By George Psyllides
MAIN opposition AKEL has tabled a proposal to suspend the law on foreclosures until the end of June 2015 as other parties were looking into ways to react following the Supreme Court’s rejection of related legislation they had passed in August.
AKEL said the suspension would give authorities time to prepare the so-called insolvency framework, which will include provisions to protect vulnerable groups from losing their homes.
“Six months is enough time to conclude procedures regarding the safety network and the rest of the issues,” MP Aristos Damianos said.
A similar bill, linking the implementation of the main foreclosures bill with that of the insolvency framework, was thrown out by the Supreme Court as being unconstitutional.
Three other bills had the same fate. In its decision published on last Friday, the court said the four bills were unconstitutional and also violated the separation of powers.
The bills that will make up the insolvency network are being discussed right now with AKEL opting not to participate, unlike all other parties.
DIKO said it was studying the Supreme Court decision but chairman Nicolas Papadopoulos, who became the government’s most vocal critic after his party’s exit from the coalition, signalled that they supported AKEL’s move.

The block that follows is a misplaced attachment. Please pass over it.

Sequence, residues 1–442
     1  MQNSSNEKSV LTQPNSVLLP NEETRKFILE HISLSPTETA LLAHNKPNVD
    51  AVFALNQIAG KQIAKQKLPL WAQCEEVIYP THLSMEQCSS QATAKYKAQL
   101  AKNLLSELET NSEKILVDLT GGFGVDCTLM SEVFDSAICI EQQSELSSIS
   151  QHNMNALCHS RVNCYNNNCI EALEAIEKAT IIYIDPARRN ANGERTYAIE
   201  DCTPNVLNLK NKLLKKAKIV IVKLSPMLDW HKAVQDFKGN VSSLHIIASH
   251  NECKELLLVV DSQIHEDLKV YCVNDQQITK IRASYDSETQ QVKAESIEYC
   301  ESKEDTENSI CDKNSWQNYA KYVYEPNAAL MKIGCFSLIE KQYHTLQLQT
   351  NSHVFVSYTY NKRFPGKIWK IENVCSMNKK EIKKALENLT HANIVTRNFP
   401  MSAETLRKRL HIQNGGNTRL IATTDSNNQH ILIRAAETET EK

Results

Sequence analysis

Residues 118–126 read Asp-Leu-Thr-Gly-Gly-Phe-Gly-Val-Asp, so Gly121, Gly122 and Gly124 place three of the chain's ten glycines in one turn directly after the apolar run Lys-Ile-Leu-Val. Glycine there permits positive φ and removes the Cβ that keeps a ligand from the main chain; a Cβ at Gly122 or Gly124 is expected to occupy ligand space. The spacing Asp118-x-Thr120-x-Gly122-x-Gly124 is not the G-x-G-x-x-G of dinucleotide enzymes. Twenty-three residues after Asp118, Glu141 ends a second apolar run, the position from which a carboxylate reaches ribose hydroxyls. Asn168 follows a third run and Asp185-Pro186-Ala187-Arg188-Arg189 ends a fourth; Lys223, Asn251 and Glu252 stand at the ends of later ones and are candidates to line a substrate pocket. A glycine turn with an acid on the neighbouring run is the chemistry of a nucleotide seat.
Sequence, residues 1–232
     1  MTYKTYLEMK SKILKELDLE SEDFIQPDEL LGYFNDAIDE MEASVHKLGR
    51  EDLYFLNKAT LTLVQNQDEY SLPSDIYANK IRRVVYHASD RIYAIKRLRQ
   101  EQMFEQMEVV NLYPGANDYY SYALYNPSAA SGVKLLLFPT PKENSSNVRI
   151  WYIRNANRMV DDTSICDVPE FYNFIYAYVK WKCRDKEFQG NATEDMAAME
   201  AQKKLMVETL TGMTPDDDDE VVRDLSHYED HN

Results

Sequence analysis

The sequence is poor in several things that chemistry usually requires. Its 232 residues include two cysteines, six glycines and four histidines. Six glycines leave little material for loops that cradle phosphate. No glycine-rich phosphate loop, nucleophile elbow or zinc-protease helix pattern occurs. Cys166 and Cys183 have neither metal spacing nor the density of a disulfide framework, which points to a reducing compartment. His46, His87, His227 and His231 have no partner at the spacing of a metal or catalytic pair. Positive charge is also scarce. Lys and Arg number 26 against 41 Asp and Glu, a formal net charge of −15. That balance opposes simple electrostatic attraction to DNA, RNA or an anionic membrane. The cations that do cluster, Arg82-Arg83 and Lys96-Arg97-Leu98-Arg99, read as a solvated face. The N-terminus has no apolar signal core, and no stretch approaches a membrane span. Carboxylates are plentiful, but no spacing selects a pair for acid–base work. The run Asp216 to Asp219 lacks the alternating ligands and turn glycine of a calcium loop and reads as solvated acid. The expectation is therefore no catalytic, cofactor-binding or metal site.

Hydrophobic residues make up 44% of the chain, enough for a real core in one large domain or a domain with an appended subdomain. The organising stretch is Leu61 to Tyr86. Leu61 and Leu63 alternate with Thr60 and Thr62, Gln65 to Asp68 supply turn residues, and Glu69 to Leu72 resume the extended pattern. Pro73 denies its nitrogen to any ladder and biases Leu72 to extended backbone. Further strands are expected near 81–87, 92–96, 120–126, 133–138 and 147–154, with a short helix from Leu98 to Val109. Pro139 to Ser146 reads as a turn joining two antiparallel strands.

“As DIKO we do not believe the law on foreclosures should be implemented without a safety net that will protect borrowers from the banks’ arbitrariness,” he said.
Approval of the rejected bills by parliament in August prompted international lenders to withhold the island’s next tranche of assistance because the bailout terms had been violated.
On Sunday, Finance Minister Harris Georgiades said the prospects were in place to lift the deadlock.
The matter will be discussed this week by the Eurogroup, which will be briefed by the minister about the court decision. “The outstanding issues have been overcome and the programme can continue,” he said.
But he also struck a note of caution regarding the need for co-operation on the domestic front, and acting responsibly.
A high-ranking eurozone official in Brussels said yesterday they were not yet aware of what the Cyprus government`s next step would be. “We have no information, we do not know what the government will do, but this can be a step forward in the right direction,” the official said. “We shall see what the Cypriot minister will say in the Eurogroup meeting on Thursday, and if all goes well, then the preconditions to disburse the next instalment might be fulfilled”.
The official described as “exemplary” the Eurogroup`s cooperation with the Cypriot authorities and assured that the adjustment programme would have positive results and would lessen the reasons for the financial crisis.